events at red emma's

@ Red Emma's

With contributor Elsa Duré!


In recent years, you’ve no doubt heard the term “self-care” hundreds of times. You may know that the term originated in black feminist circles and soon became widely used in public health, disability, therapy and social work communities.  You’ve probably heard the critique that self-care is consumerism thinly cloaked as “wellness.” You’ve probably also heard progressives say that self-care individualizes systemic problems--which may be why politically engaged folks have been reticent to create printed matter about a new crop of anti-consumerist, community-oriented, body positive approaches to self-care. These "authentic" approaches to self-care appeal in particular (but not exclusively) to folks with class privilege who have achieved success on the outside—but still feel anxious, unfulfilled, and worried about the world around them.    

 

Now "authentic" self-care has a book, Gracy Obuchowicz’s selfcarefully, a different kind of self-help book, a book-as-object designed and illustrated by Maria Habib.


Gracy Obuchowicz is a Washington, D.C.-based self-care coach who has taken over 200 women through her course, Self-Care 101, which interprets Ayurvedic wisdom for Western living. More than just achieving better personal habits, this intensive self-care work helped many of these women find deeper meaning in their work and lives—and take on more leadership in order to care for others and advocate for systemic change.

  

selfcarefully is where Gracy puts together her teachings in one place, sharing her unique definition of self-care and her vision of a more careful and caring world. The book contains 30 vignettes, including: self-care and setting boundaries, self-care and soaking grains, self-care and the moon, self-care and racism, self-care and consumerism, self-care and perfectionism, self-care and community, and more. It also contains excerpts of interviews with justice-seekers about leadership and self-care in action.


Elsa Duré is an education leader with a passion for driving system-level change to ensure all children have the opportunity to pursue their dreams. She is deeply committed to identifying and dismantling the barriers that keep our schools from creating more equitable and inclusive learning environments.

Now in its 19th year of publication, the Certain Days: Freedom for Political Prisoners Calendar is required reading for radicals, leftists, and all who support political prisoners and advocate the end of mass incarceration. The Certain Days calendar is filled with radical historical dates, and 12 thought-provoking articles and beautiful artwork each month throughout the year. All proceeds support prisoners and grassroots organizations. This is a must-have!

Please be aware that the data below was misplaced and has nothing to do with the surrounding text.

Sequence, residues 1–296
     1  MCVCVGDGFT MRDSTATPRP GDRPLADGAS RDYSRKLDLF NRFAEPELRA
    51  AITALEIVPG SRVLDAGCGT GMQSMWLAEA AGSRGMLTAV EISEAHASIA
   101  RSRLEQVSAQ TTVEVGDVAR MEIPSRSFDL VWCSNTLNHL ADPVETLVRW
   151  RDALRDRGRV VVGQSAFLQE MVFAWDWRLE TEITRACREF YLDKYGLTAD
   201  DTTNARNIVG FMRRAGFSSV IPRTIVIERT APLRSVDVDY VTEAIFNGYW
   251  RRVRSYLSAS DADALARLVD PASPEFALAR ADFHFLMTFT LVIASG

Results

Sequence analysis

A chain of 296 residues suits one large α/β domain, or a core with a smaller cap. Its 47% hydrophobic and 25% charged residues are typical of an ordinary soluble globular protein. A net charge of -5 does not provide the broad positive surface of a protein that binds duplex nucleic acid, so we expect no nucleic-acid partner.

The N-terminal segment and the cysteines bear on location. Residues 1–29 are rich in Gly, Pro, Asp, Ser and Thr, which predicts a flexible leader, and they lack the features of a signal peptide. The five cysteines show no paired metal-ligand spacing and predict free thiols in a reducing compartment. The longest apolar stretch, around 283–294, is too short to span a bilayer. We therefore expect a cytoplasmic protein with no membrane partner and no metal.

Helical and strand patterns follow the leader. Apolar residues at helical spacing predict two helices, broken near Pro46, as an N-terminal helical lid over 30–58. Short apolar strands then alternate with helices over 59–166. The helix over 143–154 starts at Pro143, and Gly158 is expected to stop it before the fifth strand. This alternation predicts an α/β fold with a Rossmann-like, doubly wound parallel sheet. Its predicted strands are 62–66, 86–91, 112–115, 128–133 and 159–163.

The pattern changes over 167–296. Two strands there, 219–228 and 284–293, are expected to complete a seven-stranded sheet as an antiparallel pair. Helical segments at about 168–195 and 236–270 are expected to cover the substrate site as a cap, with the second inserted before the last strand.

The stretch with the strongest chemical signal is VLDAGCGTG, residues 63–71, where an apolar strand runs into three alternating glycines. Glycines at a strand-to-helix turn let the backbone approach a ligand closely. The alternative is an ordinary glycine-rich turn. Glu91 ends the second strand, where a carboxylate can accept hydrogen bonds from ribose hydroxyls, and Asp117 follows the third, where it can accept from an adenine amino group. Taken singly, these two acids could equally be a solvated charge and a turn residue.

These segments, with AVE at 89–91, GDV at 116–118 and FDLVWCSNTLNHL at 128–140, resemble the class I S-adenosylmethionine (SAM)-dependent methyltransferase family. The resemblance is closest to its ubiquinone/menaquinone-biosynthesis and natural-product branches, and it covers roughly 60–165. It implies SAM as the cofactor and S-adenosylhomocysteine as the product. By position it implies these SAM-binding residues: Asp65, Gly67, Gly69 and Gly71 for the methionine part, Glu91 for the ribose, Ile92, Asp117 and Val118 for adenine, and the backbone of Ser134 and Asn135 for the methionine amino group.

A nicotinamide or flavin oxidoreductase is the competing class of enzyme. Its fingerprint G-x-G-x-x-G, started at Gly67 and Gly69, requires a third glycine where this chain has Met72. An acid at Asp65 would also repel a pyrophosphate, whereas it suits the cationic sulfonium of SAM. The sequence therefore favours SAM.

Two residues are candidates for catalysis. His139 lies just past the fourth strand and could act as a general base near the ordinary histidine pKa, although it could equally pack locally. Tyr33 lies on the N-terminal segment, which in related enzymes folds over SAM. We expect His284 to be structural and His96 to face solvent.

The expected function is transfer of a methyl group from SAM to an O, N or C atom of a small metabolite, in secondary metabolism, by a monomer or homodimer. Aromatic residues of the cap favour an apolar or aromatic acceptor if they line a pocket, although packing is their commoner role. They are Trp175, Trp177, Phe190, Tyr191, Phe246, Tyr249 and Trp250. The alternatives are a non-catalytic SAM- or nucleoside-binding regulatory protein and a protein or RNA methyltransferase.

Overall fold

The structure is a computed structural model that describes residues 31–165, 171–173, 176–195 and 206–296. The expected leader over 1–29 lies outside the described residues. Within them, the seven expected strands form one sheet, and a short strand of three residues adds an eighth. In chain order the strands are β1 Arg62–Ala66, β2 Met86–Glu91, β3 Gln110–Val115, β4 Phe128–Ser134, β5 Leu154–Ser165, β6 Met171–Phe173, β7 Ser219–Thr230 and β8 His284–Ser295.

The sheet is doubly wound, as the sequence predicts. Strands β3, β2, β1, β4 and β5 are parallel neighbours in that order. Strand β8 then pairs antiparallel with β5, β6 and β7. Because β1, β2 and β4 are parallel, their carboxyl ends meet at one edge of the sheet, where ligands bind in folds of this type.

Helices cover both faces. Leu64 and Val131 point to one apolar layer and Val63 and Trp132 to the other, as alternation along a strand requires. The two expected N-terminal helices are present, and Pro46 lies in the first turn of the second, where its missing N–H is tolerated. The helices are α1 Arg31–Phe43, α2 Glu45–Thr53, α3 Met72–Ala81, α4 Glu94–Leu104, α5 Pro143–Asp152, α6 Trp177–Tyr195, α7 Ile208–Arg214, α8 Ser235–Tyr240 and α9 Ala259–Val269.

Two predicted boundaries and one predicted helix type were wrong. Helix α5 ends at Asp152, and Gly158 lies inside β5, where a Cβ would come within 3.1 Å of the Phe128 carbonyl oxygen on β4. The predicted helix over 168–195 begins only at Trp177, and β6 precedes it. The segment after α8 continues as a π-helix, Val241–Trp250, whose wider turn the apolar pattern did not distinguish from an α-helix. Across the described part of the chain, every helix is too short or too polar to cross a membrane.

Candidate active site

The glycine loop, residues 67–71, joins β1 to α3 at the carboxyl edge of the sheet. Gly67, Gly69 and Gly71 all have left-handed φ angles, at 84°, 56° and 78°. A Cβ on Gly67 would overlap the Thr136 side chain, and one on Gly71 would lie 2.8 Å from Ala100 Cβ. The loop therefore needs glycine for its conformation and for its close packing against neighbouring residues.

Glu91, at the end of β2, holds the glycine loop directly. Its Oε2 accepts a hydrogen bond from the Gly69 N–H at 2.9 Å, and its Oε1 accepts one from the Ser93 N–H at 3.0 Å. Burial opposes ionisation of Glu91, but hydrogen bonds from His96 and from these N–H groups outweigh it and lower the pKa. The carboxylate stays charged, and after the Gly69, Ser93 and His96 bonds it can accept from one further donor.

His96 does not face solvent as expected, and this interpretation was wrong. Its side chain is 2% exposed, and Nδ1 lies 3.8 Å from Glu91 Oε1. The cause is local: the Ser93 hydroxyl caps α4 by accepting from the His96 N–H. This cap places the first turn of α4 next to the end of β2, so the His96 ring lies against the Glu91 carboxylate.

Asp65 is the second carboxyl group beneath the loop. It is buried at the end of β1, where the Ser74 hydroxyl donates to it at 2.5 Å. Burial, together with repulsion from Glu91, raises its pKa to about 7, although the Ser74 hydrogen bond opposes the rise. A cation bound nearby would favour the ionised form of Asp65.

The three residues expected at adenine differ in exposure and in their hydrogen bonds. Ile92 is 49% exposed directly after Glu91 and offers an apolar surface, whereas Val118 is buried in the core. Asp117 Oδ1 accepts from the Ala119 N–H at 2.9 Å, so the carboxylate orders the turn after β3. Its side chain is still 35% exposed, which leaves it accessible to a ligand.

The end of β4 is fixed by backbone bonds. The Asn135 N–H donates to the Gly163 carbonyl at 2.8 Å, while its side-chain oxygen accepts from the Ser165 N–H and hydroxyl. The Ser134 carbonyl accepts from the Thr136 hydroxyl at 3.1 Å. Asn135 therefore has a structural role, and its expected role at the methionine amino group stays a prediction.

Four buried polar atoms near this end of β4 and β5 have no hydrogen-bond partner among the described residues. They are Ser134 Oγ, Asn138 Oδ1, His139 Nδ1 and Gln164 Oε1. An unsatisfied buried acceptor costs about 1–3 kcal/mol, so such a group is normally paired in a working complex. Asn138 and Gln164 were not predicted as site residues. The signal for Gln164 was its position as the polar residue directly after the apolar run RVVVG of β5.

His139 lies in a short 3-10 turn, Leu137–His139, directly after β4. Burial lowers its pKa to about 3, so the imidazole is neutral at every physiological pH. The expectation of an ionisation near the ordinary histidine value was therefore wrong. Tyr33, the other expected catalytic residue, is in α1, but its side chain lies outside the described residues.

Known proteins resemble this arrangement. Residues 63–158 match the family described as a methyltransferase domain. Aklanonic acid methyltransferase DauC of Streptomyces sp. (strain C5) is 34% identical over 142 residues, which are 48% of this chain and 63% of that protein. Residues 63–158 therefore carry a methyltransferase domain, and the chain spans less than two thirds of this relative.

Certain Days 2020: Knitting Together the Struggles

The Certain Days: Freedom for Political Prisoners Calendar is a joint fundraising and educational project between outside organizers in Montreal, Hamilton, New York and Baltimore, with two political prisoners being held in maximum-security prisons: David Gilbert in New York and Xinachtli (s/n Alvaro Luna Hernandez) in Texas. We were happy to welcome founding members Herman Bell and Robert Seth Hayes home from prison in 2018.

A warm, wise, and urgent guide to parenting in uncertain times, from a longtime reporter on race, reproductive health, and politics.

In We Live for the We, first-time mother Dani McClain sets out to understand how to raise her daughter in what she, as a black woman, knows to be an unjust–even hostile–society. Black women are more likely to die during pregnancy or birth than any other race; black mothers must stand before television cameras telling the world that their slain children were human beings. What, then, is the best way to keep fear at bay and raise a child so she lives with dignity and joy?

McClain spoke with mothers on the frontlines of movements for social, political, and cultural change who are grappling with the same questions. Following a child’s development from infancy to the teenage years, We Live for the We touches on everything from the importance of creativity to building a mutually supportive community to navigating one’s relationship with power and authority. It is an essential handbook to help us imagine the society we build for the next generation.